4. Recovery – When training athletes to enhance their agility it is important to ensure that drills are performed at work and rest intervals consistent with the sport the athlete is training for. Partner athletes with other athletes of similar ability. Perform drills in a competitive atmosphere with technique always being more critical than the speed the drill is performed.
5. Biomechanics – When it comes to biomechanics and agility training three interrelated considerations should be taken into account:
A. Body Alignment – Maintaining a lower center of gravity enables the athlete to move more quickly, decelerate, and reaccelerate especially when needing to overcome the resistance of an opponent or object. The maintenance of core stability (maintenance of a neutral spine through the use of the musculature that supports the spine of the body) and the athletic position (perfect posture with the shoulders pulled back and down and abdominals tight, knees slightly bent with hips back and down and bodyweight forward on the middle of your feet) will enable the athlete to supply maximum power.
B. Movement Economy – Athletes should be educated as to the most efficient movement patterns and develop the required skills necessary to reach their performance objective. These patterns and skills may include movement patterns or skills that include side shuffling, backpedaling, use of a crossover step, turn and run or combinations of these patterns and skills.
C. Acceleration & Deceleration– Most sports require athletes to have the ability to accelerate, decelerate and reaccelerate. The more efficient an athlete becomes the better the athlete becomes at creating space between an opponent, move more quickly to a space or object and enhance performance potential.SUMMARY

Outside of sport specific training, agility training may be the primary determining factor to predict success in a sport. Sports are not straight ahead, but require changes of direction in which lateral movements are used in several planes of movement simultaneously. Because movements in sport are initiated from various body positions, athletes need to be able to react with strength, explosiveness and quickness from these different positions. Unfortunately, because of the focus placed on physical attributes in sports the focus on off-season programs often revolves around strength training exclusively. Often agility and speed development at sport-specific speeds are neglected or only focused upon during small blocks of time in the preseason. Agility is a neural ability that is developed over time with many repetitions. Research has shown that an increase in speed and strength was not as effective in developing agility as participation in activities specifically designed to develop agility.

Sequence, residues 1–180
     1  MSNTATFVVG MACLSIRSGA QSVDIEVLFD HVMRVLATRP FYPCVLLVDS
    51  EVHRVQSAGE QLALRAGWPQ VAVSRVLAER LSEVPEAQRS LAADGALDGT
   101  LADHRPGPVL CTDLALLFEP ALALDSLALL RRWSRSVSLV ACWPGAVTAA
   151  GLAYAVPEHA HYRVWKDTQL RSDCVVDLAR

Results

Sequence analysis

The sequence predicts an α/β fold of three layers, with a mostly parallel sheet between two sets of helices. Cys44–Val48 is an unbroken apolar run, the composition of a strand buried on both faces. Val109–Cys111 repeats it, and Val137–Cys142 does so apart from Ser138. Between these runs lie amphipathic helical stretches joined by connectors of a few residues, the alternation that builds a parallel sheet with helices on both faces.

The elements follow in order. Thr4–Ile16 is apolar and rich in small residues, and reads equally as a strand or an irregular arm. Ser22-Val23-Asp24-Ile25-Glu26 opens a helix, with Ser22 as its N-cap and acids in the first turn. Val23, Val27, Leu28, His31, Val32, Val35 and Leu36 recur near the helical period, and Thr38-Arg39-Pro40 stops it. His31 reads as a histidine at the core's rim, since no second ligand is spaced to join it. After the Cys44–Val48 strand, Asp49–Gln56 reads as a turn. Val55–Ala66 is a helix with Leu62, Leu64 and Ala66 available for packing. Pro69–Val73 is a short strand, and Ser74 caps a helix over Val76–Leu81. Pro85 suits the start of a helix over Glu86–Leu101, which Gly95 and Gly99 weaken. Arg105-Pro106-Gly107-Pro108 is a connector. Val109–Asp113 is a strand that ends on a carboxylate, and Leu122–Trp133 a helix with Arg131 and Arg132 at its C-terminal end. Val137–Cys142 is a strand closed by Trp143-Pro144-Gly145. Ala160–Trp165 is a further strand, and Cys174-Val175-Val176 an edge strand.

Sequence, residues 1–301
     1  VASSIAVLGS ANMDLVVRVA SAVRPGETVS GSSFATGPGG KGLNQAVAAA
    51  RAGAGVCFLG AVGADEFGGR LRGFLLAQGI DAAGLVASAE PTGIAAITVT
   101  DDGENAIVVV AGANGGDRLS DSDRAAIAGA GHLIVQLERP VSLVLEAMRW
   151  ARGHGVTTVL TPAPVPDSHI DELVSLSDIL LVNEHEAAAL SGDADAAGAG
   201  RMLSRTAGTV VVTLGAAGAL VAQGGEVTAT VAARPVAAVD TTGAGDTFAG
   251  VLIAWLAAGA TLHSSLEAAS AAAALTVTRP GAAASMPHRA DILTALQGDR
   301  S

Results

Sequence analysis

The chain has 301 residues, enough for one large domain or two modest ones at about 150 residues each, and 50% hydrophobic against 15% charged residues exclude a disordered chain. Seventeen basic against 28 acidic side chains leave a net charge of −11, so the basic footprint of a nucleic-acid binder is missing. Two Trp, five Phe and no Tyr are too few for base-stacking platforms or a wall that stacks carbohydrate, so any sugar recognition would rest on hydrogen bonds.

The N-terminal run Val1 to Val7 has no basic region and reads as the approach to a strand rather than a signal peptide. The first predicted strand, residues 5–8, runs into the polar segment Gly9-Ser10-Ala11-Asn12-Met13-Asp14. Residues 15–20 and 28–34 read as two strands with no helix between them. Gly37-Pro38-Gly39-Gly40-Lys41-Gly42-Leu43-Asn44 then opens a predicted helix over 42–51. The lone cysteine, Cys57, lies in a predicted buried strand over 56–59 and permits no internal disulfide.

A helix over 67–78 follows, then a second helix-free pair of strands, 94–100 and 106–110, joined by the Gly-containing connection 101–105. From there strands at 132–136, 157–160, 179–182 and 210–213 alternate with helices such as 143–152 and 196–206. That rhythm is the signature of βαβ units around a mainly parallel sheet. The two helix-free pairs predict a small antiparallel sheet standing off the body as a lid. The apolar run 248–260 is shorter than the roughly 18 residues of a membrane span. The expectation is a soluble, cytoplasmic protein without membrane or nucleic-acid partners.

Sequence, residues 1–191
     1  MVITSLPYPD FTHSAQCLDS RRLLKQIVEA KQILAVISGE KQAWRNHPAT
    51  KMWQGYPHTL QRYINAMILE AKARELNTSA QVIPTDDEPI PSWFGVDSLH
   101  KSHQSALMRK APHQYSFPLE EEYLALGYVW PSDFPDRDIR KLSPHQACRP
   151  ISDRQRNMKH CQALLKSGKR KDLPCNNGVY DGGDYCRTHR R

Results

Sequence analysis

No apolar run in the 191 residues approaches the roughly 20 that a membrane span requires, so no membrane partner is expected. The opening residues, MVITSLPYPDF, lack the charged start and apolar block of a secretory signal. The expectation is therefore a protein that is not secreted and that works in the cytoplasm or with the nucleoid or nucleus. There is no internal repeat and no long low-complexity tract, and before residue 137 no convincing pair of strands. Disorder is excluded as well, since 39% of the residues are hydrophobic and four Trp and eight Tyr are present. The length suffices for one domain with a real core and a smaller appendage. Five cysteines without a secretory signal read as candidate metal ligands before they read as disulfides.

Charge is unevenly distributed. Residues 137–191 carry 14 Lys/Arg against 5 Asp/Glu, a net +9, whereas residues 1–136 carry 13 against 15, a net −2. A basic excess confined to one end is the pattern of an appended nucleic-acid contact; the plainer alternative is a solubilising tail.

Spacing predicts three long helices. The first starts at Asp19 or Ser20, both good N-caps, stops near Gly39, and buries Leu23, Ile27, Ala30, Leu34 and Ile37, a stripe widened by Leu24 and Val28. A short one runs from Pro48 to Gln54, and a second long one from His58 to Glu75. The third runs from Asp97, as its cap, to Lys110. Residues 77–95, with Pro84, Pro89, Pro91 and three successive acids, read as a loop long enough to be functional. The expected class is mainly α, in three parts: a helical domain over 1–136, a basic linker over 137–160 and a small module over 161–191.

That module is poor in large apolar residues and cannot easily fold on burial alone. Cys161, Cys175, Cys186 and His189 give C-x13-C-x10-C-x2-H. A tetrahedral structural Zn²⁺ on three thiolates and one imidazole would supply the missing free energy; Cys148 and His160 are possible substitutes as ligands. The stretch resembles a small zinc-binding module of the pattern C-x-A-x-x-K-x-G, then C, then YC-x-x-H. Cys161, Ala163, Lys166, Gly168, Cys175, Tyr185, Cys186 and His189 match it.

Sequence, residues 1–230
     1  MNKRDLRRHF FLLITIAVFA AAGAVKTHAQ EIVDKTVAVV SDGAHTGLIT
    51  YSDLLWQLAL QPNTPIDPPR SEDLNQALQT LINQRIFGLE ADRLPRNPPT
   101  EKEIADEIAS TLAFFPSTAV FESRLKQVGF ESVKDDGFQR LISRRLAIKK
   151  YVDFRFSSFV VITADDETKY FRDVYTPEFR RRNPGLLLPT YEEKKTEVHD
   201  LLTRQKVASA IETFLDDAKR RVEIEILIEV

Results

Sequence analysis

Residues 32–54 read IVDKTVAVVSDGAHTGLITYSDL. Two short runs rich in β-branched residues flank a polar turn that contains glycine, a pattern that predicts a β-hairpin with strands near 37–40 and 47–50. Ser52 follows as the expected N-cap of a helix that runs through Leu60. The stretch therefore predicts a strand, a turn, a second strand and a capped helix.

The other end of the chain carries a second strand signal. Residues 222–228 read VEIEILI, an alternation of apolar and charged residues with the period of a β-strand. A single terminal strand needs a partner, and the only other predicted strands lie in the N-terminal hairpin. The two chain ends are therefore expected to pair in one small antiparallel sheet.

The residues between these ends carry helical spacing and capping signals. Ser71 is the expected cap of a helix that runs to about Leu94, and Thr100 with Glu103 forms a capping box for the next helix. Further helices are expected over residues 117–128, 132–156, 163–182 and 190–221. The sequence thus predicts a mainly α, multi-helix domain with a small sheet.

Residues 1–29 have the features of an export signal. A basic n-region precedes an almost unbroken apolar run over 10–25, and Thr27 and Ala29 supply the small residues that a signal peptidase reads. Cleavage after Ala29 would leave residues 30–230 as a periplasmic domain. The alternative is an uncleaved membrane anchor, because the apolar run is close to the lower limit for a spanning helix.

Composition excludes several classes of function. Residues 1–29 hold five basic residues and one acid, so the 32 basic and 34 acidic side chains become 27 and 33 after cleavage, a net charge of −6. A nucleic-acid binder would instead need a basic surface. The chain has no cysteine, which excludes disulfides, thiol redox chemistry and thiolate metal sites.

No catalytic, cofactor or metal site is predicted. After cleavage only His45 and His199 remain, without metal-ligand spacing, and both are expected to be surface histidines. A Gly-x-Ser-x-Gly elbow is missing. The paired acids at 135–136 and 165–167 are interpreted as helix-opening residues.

The performances of athletes in sports today have dramatically elevated the level of agility necessary for performance success. Agility training provides the athlete with performance benefits: neuromuscular adaptation, improved athleticism, injury prevention and decreased rehabilitation time. A comprehensive agility program will address components of agility such as strength, power, acceleration, deceleration, coordination, balance and dynamic flexibility. When instructing athletes on the execution of agility exercises it is critical to instruct athletes on technique as a priority and speed of movement only after technique has been mastered.

Boost your metabolism all Day

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Boost Your Metabolism all Day!!

Upside down at K2

When you want to create a lean, firm body, the best way to accomplish it is with an effective workout program and a healthy eating plan. But that’s not the end of the story . . . . Because no matter how much you’re putting into your exercise sessions, practicing a range of healthy habits the rest of the time can give your metabolism an even bigger kick.

 

So here’s a full day’s worth of metabolism boosters. Any one of them may have a relatively minor effect, but when put together, they’re bound to help your body burn fat more efficiently. Add these tips to your weight loss arsenal, and you’ll get the results you want as quickly as possible.

Morning

  1. Get some sun. A little outdoor time in the morning can help you slim down in three ways. First, bright light helps regulate your body clock, so you’ll be more energetic during the day and sleep better at night. Second, during the winter months, sunshine helps ward off SAD (seasonal affective disorder), a condition that can lead to uncontrolled food cravings. And third, sunlight on your skin increases your levels of vitamin D, which are associated with a higher metabolism and a lower risk of obesity. (While sunscreen cuts down on your natural vitamin D production, experts warn that you shouldn’t spend much time outside without it. You can also get more D by taking multivitamins, drinking fortified milk, and eating fatty fish.)

 

  1. Eat a good breakfast. Research has shown that a filling breakfast that includes both lean protein and complex carbohydrates helps you burn fat all day (and keeps you satisfied longer, too). In a study presented to the Endocrine Society, dieters who ate hearty breakfasts stuck to their food plans and ended up losing more weight than those who didn’t, despite the fact that their daily caloric intake was actually slightly higher.